"His first test came early on, when five transgender people were slain in a 14-month period. Two were shot at the blighted crossroads of 50th and C streets SE, and Parson helped pull their bullet-riddled bodies from a car. The killings mobilized the District's transgender community, which faced Parson at a public meeting and demanded better police protection. He had no experience dealing with the transgendered, and his diplomacy skills needed burnishing. "The thesis of what I said was, 'What the [expletive] do I call you?' " he remembers. Now Parson is one of their chief advocates, making sure that all transgender suspects brought to the main cellblock are held separately for their safety. "
Is this the worst case of hypocrisy you've ever seen? How can this possibly be justified? Does the Hippocratic Oath apply (supersede)?
I am disgusted.
The bill allows health care workers to refuse service to anyone on moral, ethical or religious grounds.
The Republican dominated House passed the measure as dozens of Catholics looked on from the gallery. The Michigan Catholic Conference, which pushed for the bills, hosted a legislative day for Catholics on Wednesday at the state Capitol.
The bills now go the Senate, which also is controlled by Republicans.
I live in pieces
I am no longer whole
With each new love, I give a piece of me away
I never get it back
As the losses mount
Can I live in just the piece left to me
Will the fragment sustain breath
If I offer you that piece of me
Will you take the whole
Will you make me whole
Can I have just one peace
I leave tonight for a whirlwind trip to Florida; I will be gone only 20 hours (but I will miss my entire day of classes tomorrow and Tuesdays are my busiest days). I am required to go -- I have to appear (for likely 10 minutes) in divorce court. At the end of that time, I will be legally divorced.
It is impossible to put words to how I feel right now. I hate this. Does that convey enough? No. I HATE this. Do I want to be in a marriage where someone doesn't want to be with me? Do I think a person should be forced to live to their oath of unending love and commitment when they no longer feel it? No. Does that make me hate it less? No.
Tomorrow will be a sorrowful day, full of tears and what-ifs. And, there will be no solace; there will be no place and no one to turn to for comfort. It feels so much like both a failure and an ending to me. I am trying to put myself into that frame of mind that can see it, instead, as a beginning. I've live alone this past year. I've liked it. I've kept busy and it's kept my mind off of tomorrow, the day I knew (since the beginning of my summer term) was coming. But, I can't hide from tomorrow any longer.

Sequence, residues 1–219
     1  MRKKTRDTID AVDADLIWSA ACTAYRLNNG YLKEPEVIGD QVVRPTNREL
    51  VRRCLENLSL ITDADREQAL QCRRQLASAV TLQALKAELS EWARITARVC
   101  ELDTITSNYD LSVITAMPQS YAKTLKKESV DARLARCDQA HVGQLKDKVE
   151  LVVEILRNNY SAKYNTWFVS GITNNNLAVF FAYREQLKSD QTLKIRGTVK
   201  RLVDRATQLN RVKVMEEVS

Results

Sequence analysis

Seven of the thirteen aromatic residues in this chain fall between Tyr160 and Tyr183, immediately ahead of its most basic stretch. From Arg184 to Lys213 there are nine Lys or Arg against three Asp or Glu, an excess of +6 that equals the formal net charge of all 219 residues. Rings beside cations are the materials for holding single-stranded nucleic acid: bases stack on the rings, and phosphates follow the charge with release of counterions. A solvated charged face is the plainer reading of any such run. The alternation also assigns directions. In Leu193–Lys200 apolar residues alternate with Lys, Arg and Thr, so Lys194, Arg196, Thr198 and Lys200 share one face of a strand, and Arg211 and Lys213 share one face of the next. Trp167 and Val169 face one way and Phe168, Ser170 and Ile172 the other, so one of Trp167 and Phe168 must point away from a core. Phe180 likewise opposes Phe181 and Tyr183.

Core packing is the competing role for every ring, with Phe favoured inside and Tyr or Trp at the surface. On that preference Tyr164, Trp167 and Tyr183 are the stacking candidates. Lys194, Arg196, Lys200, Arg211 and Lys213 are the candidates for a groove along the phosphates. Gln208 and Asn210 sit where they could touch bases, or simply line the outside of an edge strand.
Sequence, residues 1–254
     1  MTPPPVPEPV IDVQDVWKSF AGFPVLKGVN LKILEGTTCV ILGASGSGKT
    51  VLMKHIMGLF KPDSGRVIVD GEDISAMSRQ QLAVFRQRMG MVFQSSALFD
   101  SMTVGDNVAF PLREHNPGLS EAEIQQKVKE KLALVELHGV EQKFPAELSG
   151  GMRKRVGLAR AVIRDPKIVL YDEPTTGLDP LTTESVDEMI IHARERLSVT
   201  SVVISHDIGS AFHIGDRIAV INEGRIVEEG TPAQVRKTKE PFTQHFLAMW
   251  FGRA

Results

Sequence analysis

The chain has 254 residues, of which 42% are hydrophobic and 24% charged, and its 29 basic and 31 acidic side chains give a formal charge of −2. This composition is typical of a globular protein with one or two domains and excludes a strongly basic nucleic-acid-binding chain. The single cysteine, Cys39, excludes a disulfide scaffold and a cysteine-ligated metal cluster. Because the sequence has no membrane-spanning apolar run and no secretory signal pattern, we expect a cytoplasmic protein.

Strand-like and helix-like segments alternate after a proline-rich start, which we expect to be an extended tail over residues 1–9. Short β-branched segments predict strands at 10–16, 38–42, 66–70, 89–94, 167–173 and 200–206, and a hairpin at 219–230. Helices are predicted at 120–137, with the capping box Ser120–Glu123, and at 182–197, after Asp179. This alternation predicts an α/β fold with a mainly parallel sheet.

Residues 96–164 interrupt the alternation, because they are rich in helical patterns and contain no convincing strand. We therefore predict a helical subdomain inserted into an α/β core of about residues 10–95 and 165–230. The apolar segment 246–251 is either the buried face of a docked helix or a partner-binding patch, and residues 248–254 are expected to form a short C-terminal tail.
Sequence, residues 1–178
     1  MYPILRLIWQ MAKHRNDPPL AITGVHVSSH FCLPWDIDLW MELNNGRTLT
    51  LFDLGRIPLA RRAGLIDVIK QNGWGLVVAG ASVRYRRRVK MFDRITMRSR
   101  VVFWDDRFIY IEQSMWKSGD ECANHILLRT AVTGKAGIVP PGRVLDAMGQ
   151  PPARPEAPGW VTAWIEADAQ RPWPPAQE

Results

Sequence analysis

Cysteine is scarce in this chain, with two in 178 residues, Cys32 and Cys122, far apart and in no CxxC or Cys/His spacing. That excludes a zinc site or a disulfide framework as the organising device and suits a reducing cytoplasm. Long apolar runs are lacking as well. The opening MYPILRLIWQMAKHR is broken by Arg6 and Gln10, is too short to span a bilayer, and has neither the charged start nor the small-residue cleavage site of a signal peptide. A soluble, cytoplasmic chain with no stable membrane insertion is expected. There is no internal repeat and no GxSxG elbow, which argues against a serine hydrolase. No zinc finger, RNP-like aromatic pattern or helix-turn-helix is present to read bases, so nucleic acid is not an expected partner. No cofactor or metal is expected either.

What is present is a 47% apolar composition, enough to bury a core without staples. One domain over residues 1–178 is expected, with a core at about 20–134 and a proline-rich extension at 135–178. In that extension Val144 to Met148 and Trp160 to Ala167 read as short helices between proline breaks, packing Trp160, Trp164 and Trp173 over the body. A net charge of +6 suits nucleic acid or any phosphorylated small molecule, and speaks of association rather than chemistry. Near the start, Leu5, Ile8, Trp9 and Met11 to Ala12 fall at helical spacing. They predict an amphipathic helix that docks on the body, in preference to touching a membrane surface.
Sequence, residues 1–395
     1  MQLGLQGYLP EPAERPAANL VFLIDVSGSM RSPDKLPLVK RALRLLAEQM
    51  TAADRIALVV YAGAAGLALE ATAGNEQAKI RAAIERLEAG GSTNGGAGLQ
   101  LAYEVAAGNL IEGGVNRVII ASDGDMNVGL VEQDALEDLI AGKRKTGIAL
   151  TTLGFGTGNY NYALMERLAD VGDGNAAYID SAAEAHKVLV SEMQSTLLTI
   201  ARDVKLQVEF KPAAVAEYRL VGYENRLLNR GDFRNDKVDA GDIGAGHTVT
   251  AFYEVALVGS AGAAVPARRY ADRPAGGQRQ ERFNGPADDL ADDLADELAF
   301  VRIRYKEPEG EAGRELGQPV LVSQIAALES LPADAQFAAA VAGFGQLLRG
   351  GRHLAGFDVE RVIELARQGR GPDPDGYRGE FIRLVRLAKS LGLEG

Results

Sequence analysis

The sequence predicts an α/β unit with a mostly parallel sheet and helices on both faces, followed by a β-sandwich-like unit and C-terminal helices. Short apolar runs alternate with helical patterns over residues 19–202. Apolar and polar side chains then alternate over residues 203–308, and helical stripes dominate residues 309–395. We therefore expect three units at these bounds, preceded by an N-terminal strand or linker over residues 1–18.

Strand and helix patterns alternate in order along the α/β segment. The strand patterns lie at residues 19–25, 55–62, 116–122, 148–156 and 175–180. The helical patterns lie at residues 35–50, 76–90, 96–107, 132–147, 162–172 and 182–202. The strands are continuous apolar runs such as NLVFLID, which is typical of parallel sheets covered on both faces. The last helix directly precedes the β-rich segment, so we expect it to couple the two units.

I HATE this.
I was warned that this would happen. I didn't listen; but then, I never do.
Prior to Winter Break, I was up on all my classes, I don't think I had missed a class session and I was current with all my reading.
Now, with all my extracurricular activities, I find myself again behind in all my classes and in all my reading. I guess the one difference between this semester and the last two is that I'm not panicking in this one. I now truly understand that I will pass, regardless. What's disappointing to me, of course, is that I have to make trade-offs, sacrifices. I either learn (again) to say no and simply get involved in less things, or I accept that I won't get all the education that law school has to offer me. Merely showing up for classes and doing part of the reading is sufficient, perhaps, to pass, but it is decidedly not the way to get a quality education in the law.
So, I've revisited my decisions from the beginning of the term -- and, perhaps not surprisingly -- I've reaffirmed them. I am NOT doing as I once thought I might do in law school (study hard, treat it as an 8-6 job, do all the assigned reading (and possibly more), attend every class, get a superior law school education, etc.). Instead, I blog, and I party, I strike, I speak before the Regents, I attend Advisory Board meetings, I attend Search Committee meetings, and I try to stay active in TransForUM and in Outlaws, I bowl, I play poker, I participate in the Speakers' Bureau of the LGBT affairs office, and I even occasionally date (last night, we again dined at Amadeus where we had a magnificent meal (I had something called Bitka, I think it was) and then went to see an interesting play, written by a local playwright).
And, right now, (this blog entry notwithstanding) I'm working on a law school paper for my Critical Race Theory class. This paper is difficult, much harder than I expected it to be. I have to write an individual paper, but I'm also part of a group of 6 that have to present the history, facts, and "racial projects" inherent in the case we are doing and then lead a class discussion on the subject. It's an exciting case, but every time I think I've got a handle on it, I find another string that unravels my understanding as I pull on it. What an awesome project this is!
This seems to work for me. It gives me the balance I think I'm looking for. I don't think I could just confine myself to law school and only one or two outside interests. I came here largely because of my outside interests. So, my current plan is to keep on doing what I'm doing and let things just be how they will be.